Seven important government departments have yet to make any redundancies of full-time employees in the 14 months since the chancellor pledged to slash Whitehall costs, it was reported yesterday.
Under the Treasury’s Efficiency Review, which was published in July 2004, Whitehall departments were instructed to shed more than 84,000 jobs by April 2008.
But several departments, including the Home Office, the Foreign & Commonwealth Office and the Department for Education and Skills, have failed to make anyone redundant since mid-2004, according to documents obtained by the Sunday Telegraph under the Freedom of Information Act.
All three departments said there were no plans for any staff redundancies.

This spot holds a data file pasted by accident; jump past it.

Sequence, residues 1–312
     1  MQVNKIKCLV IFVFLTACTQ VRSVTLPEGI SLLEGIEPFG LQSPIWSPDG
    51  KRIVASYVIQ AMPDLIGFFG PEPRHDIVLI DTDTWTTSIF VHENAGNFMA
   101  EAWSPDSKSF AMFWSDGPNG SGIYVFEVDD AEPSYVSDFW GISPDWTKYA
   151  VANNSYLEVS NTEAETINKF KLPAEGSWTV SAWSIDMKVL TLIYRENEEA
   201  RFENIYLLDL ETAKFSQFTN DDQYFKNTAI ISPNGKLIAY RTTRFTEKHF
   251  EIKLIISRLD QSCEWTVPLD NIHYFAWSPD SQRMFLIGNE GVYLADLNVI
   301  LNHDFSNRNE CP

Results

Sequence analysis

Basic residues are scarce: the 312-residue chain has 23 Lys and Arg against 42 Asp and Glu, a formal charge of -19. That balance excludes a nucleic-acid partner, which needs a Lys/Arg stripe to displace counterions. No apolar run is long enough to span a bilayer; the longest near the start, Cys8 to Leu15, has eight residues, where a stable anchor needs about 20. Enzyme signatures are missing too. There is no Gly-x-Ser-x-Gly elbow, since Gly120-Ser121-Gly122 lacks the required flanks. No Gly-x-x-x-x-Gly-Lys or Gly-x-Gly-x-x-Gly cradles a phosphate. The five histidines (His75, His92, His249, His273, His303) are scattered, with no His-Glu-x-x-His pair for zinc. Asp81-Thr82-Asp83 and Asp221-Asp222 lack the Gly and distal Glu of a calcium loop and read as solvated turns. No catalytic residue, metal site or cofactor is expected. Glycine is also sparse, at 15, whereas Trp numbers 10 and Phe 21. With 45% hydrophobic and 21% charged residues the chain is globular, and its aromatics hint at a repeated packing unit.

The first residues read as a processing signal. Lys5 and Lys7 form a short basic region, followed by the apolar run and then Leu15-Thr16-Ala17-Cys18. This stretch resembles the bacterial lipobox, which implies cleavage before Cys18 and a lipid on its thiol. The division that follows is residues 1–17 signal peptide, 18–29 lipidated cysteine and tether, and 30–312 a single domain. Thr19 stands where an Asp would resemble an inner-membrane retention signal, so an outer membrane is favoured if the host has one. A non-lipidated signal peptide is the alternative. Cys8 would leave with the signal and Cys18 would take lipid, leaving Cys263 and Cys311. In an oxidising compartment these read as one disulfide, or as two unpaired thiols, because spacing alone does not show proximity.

However, there has been an explosion of expenditure on management consultants, hired to find cost savings. Over the past year the Department of Health has hired 10 consultancies to advise on efficiency at a cost of £608,000.
The Treasury said civil service numbers had fallen during the past year. Many staff who had retired or left to take jobs outside Whitehall have not been replaced, it said.
A spokesman said: “The government is on course to deliver the cuts set out in the Gershon review. We always knew the majority of posts would go through natural staff turnover, with redundancies as a last resort.”